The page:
By Amy Silverman
By Olivia LaVecchia
By Monica Alonzo and Stephen Lemons
By Chris Parker
By Michael Lacey
By Weston Phippen
Two of them do it in their bedrooms. Two others do it in an alcove. One does it in his living room and another in his glass-blowing studio.
Other people across the country do it in other spaces, but the point is, anyone can do it anywhere.
That is, create a zine.
Call them newsletters, periodicals or fanzines; by any other name, they are still simply zines: low-budget ruminations about what's on self-appointed editors' minds--music, sex, poetry, B movies, literature, comics, art, work, spirituality. The list is as long and varied as there are frustrated, creative personalities. The writing quality is mixed, as well, from stupid to prosaic to insightful to wickedly entertaining. But zines are not about promoting spotless, free-flowing text. They are crude tools of self-expression, a means of communication employing the most fundamental of mediums--the printed word. And the rules are easy: Anyone with the ability to use a Xerox machine, pound a stapler and lick a stamp can play.
Though zines have technically been around since the advent of the printing press (home publisher Benjamin Franklin started a hip one titled Poor Richard's Almanack back in 1732), the last decade has seen a proliferation of the do-it-yourself publications.
R. Seth Friedman is publisher of the San Francisco-based Factsheet Five, a 12-year-old magazine devoted to reviewing zines of virtually every description. He deals with more than 1,200 D.I.Y. submissions in each issue; the man knows from zines.
"They're along the lines of a publication that is the vision of one or two people," he explains by phone from Factsheet headquarters. "Typically, they don't make money and have a circulation of 1,000 or less with a local or national focus. They're nonprofit, obsession-driven publications."
He attributes the surge in zines to the "growth of computer technology, the dropping of copying costs and the fact that the postage rates have been kind of stable."
But Friedman sees zines as ultimately becoming much more than nifty, offbeat by-products of the obsessed. Forget about cable TV with 500-plus channels; forget about Internet and interactive video. According to Friedman, zines represent the mighty essence of human communication.
"People are always talking about the death of journalism, how everyone will be writing for news on-line and news on demand, but as far as I'm concerned, the future of journalism is zines," he states. "The future of journalism is a personal, subjective vision about life, and more people are going to be producing their own magazines. I don't think it's a backlash against technology; it's just a natural growth pattern based on the way people feel. They want to connect with other people, and zines are much more personal than those other kinds of artificial technologies."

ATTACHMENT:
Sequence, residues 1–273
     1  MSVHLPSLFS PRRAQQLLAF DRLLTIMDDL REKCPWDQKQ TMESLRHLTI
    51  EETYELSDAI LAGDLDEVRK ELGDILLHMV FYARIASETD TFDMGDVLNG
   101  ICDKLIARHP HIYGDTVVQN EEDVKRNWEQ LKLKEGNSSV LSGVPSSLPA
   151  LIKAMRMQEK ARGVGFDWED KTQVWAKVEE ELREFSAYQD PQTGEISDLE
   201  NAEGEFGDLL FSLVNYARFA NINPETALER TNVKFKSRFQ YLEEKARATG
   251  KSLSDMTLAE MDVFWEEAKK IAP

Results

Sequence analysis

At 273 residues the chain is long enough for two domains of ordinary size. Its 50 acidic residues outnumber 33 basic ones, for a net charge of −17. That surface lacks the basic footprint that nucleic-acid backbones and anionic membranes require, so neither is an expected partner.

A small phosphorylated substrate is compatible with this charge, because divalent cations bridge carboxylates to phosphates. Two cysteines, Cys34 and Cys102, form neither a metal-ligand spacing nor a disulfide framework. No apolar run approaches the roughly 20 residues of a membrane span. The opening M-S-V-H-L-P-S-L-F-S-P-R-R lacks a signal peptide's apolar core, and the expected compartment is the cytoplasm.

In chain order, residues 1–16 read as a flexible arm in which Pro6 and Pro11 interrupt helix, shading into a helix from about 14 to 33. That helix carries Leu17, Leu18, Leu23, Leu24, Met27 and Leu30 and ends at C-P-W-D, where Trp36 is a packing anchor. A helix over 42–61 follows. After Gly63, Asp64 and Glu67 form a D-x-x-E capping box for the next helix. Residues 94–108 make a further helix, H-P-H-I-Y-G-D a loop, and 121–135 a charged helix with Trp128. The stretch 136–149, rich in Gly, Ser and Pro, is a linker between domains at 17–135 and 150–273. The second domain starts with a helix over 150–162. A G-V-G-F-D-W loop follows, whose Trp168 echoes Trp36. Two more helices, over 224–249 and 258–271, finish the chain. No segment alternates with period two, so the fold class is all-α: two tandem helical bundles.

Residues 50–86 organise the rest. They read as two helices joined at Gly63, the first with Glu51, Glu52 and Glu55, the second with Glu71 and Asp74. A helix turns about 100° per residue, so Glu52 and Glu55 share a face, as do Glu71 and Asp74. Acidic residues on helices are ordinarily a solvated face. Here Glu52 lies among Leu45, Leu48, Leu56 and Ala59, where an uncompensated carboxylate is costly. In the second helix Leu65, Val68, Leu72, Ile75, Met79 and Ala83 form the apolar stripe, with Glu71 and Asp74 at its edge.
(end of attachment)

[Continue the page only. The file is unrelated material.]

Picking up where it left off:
And you don't have to be in some cultural mecca to take part in the revolution; the photocopy machines and mailboxes in Phoenix work just as well as the ones in Manhattan.
"I find some surprisingly good zines coming out of some surprisingly unlikely places--like, for example, Phoenix, Arizona--where some highly concentrated cultural areas like New York and L.A. are pretty devoid of a cohesive zine culture," Friedman says. "Arizona as a whole has a pretty sophisticated zine scene."
@body:. . . Season To Risk were crazy. The singer had his funky CB microphone hanging from the ceiling. Sometimes he sang through it, sometimes he used a regular mike and sometimes he used both making it double loud and obnoxious. Their feirce [sic], unstructured noise sounds like something that could only come from Texas, but they're from Kansas. Not far off. The guitarist had this really cool Velveeta hat and I saw that he let a girl wear it later that night. Man, if I had a hat like that, I wouldn't let it outta my sight.
--Excerpt from a review in Grind
"We were just so stinkin' bored, you know. You go to work, come home, eat, go to sleep. You need something else to do, something to keep you sane," says Sherri Butterfield, an inventory coordinator for a fast-food chain. Her antidote for insanity became a zine titled Grind, founded, edited and published with her husband, Jason, from a kitchen alcove in their east Mesa home. Both are in their late 20s.